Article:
A group of Iowa legislators threw their two cents into the ongoing dispute between Sinclair Broadcast Group and Mediacom Communications, urging the two parties to enter into binding arbitration to settle their differences -- a request Sinclair promptly declined.
Sinclair pulled two of its stations in Iowa from Mediacom systems Jan. 6 after the two companies could not reach a retransmission-consent agreement.
Mediacom tried to block Sinclair from pulling its signals through court action, which was denied, and through an appeal to the Federal Communications Commission, which said Jan. 4 that Sinclair was negotiating in good faith. In that Jan. 4 ruling, however, the FCC’s Media Bureau strongly suggested that the two parties enter into binding arbitration.
On Jan. 11, U.S. Iowa Sens. Tom Harkin (D) and Charles Grassley (R) and Reps. Bruce Braley (D), Dave Loebsack (D), Leonard Boswell (D), Tom Latham (R) and Steve King (R) sent a letter to Mediacom chairman and CEO Rocco Commisso and Sinclair CEO David Smith urging the two parties to take the FCC suggestion to heart.
“Given that negotiations stand at an impasse, binding arbitration would seem to present the parties with an alternative mechanism for resolving this dispute,” the lawmakers wrote. “We therefore urge that you consider the clear guidance of the Federal Communications Commission in agreeing to a process to bring the parties to an agreement without further harming Iowa consumers.”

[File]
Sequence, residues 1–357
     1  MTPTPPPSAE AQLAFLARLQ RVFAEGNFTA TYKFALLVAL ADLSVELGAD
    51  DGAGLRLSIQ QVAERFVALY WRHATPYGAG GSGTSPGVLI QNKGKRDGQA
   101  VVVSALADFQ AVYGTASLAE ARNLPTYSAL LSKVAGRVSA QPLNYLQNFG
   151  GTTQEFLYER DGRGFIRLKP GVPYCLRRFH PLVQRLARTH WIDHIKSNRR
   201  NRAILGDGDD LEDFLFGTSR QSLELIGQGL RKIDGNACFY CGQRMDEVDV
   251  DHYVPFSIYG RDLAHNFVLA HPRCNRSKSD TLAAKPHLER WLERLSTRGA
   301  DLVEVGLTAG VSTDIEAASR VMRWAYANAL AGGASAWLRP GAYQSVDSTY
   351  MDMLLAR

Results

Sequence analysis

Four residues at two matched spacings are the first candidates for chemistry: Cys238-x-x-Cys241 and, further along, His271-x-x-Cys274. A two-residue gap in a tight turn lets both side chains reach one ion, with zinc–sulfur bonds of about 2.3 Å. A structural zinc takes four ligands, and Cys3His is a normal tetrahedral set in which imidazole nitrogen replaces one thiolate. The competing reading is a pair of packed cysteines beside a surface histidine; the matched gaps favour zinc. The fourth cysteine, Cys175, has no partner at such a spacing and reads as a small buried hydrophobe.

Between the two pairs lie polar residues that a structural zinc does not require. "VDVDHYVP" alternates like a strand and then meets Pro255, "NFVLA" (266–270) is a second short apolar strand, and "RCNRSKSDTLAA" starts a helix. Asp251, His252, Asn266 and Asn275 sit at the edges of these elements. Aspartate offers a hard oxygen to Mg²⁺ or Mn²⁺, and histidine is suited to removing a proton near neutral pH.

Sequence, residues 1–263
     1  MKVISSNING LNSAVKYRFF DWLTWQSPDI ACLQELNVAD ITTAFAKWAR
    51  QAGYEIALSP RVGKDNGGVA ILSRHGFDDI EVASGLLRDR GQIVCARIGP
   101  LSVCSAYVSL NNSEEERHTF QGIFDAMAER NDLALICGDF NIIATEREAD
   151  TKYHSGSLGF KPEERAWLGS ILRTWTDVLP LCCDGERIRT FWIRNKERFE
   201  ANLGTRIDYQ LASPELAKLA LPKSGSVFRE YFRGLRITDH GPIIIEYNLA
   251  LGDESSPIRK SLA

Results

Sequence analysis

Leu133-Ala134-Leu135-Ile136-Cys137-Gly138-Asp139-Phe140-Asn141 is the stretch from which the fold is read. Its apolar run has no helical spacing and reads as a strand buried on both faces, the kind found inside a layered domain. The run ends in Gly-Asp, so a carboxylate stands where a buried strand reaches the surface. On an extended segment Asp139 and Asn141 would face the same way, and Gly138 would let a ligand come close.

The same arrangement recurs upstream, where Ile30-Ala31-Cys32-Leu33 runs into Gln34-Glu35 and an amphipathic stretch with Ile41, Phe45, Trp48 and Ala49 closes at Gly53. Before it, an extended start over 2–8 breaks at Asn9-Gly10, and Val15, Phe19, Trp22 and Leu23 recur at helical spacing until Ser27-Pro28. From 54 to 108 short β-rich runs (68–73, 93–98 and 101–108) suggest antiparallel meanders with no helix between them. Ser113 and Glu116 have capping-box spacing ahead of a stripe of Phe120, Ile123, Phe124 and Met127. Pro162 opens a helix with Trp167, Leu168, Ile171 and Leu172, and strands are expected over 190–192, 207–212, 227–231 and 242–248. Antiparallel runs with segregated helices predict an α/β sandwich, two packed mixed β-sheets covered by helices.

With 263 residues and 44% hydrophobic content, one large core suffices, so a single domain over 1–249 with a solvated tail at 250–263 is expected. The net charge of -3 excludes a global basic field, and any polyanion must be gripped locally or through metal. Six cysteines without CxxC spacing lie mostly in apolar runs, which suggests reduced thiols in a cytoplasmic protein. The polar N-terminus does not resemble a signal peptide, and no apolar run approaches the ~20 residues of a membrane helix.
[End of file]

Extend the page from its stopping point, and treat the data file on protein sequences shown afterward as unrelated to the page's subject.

In a response to the legislators, Smith said the company has concluded that it is “not prepared” to go the arbitration route.
“I hope you can understand Sinclair’s reluctance to agree to such an unusual approach to resolve what is essentially a disagreement on price in a commercial negotiation between two parties -- parties that are legally entitled to make their own decisions on how best to run their respective businesses,” he wrote.
The Sinclair stations cover an area including about 700,000 Mediacom subscribers in 12 states and are affiliates of ABC, Fox, MyNetwork TV and The CW. The number of subscribers who lost major network affiliates like Fox is about 500,000, according to company officials. The bulk of those subscribers are in Mediacom’s Iowa market.
Mediacom -- along with the American Cable Association and the Iowa Cable & Telecommunications Association -- has been urging state and national legislators to get involved in the dispute, with the ICTA asking state legislators earlier this week to pass a law that would prevent any programmer, cable or broadcast, from “discriminating against Iowans.”
Mediacom has been trying to get Sinclair to agree to arbitration for more than one month.